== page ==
On Friday June 17th, Bruce visited the Smithsonian fossil vertebrate collections. There he worked with Fred Grady, retired paleontologist from the U. S. National Museum, on fossils from Belgrade, North Carolina. Each year new taxa are added by discoveries and donations and we are approaching a point where a distinct fauna of early Miocene land mammals is coming together. The Belgrade collection now has diagnostic land mammals, including the pig-like entelodont (big tooth in upper left of photo), which indicates an Arikareean land mammal age, about 20 million years old. Arikareean-age mammals take their name from the Arikaree Group sediments and fossils from western Nebraska, and these animals are also known as far north as Canada and as far south as Panama. We would like to publish a paper on the Belgrade fossil mammals, and therefore are interested in learning about additional fossil land mammals that might be in private collections. We are looking for donations (to the Smithsonian) or loans of these materials for scientific research to describe the fauna from this interesting locality.

Fossils from Belgrade, North Carolina
Fossils from Belgrade, North Carolina

Recent FOSSIL publications

MacFadden, B. J., Lundgren, L.M., Dunckel, B.A., Ellis, S., and Crippen., K. 2016. Amateur paleontological societies and fossil clubs, interactions with professional paleontologists, and the rise of 21st century social paleontology in the United States. Palaeontologia Electronica, 19.2.1E. (Open access)

Crippen, K.J., Ellis, S., Dunckel, B.A., Hendy, A.J.W., and MacFadden, B. J. 2016. Seeking shared practice: A juxtaposition of the attributes and activities of organized fossil groups with those of professional paleontology. Journal of Science Education and Technology, 10.1007/s10956-016-9627-3.


Upcoming Events

August 31, online – The first FOSSIL webinar will take place in the evening on Wednesday, August 31, and our speaker will be The Fossil Guy, Jayson Kowinsky. Webinars are online videoconferences typically presenting a topic by a leader, and with real-time participation from participants. There will be no charge to attend the webinars and you can pick and choose which ones you want to attend. We are still finalizing the details for the first few webinars; we’ll keep everyone updated via social media and A schedule will be distributed after all of the Fall webinar dates are determined. Questions? Contact [email protected].


September 23, 1-5pm, Denver, CO – FOSSIL-sponsored short course held prior to the Geological Society of America Annual Meeting taking place Sept 25-28.

The FOSSIL Project plans to offer a half-day short course called “Facilitating effective STEM learning and public engagement in paleontology” prior to national GSA 2016.  This short course is intended for professionals (including graduate students), amateurs, and K-12 teachers.  We will explore best practices for engaging both formal and informal STEM learners with paleontological data.  Topics to be covered include: (1) contributing to and benefiting from digitization efforts of fossil collections; (2) incorporating fossils into the design of curricula that satisfy the Next Generation Science Standards; (3) fostering engagement and learning by amateurs; and (4) using social media to mobilize the community.  Laptops are required and digital cameras are recommended. Find out more and register before August 22 at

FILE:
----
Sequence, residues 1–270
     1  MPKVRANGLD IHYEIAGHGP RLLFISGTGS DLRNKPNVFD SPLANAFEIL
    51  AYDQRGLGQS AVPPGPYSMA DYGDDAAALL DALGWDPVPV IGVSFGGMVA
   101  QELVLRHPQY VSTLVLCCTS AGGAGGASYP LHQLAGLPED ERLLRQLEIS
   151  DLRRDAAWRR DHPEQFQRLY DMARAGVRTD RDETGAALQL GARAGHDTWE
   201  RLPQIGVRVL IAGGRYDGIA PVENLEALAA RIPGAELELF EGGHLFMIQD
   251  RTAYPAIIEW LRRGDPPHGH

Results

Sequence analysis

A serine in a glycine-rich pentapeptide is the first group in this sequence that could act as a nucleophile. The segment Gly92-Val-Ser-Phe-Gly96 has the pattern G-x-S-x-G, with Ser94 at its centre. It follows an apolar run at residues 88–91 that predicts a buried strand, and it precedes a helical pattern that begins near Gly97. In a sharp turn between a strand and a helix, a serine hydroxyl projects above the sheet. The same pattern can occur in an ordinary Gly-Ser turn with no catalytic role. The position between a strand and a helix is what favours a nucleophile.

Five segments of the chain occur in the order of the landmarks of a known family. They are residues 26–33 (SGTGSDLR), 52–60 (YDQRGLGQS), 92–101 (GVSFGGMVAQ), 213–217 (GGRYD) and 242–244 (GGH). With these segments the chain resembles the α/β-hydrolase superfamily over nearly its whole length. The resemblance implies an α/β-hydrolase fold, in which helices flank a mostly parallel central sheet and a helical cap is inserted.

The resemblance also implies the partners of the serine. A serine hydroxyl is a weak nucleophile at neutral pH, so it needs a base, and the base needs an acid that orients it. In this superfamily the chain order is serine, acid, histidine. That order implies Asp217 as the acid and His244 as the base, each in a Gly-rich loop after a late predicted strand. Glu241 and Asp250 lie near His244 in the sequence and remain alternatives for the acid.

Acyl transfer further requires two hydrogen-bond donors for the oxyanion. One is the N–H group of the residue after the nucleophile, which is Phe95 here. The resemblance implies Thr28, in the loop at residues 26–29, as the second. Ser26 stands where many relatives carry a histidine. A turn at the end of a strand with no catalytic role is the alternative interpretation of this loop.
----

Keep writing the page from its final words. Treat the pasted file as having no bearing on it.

Scholarship opportunity! Ten (10) fossil club members will receive reimbursement funding to attend both the short course *and* the four-day GSA meeting. Please contact [email protected] for more details.

And don’t forget, if you want to present research at GSA this year, the abstract deadline is July 12.


March 19-21, 2017, Pittsburgh, PA – Theme session at joint Northeast / North-Central Geological Society of America regional meeting.

We have submitted a proposal for a theme session (both oral and poster) to the organizers of the 2017 NE/NC GSA regional meeting taking place in Pittsburgh next March. Hopefully our proposal will be accepted and then we can begin planning a great session featuring both amateurs and professionals in paleontology.


TBA – We are still planning a fossil preparation PaleoBlitz for later this year. Ronny Leder, the FOSSIL Project’s preparation guru, just welcomed a new baby boy on June 18th so plans for the PaleoBlitz are understandably slow-going at the moment!


FOSSIL Evaluation

Evaluation is fundamental to understanding the progress and success of projects such as FOSSIL to know if we are meeting our goals and objectives. Throughout the months of April – June, the FOSSIL team worked closely with our project’s external evaluator, Kate Haley Goldman, to craft a “summative” survey. This survey will help us to achieve a better understanding of fossil clubs, and getting feedback from club members is a key aspect of the FOSSIL Project having funding. The National Science Foundation wants to know more about how to better support the community, and we are required to get community feedback and evaluations as part of the funding. Thus, the survey is an important part of being able to support future FOSSIL meetings, the myFOSSIL website, and much more. If you receive a survey email (it would come from Kate), please fill it out – it would be of enormous help to us and would show support for the contributions of amateurs. If you have any questions about the summative survey, please contact the project coordinator, Eleanor Gardner, at [email protected] or our evaluator at [email protected].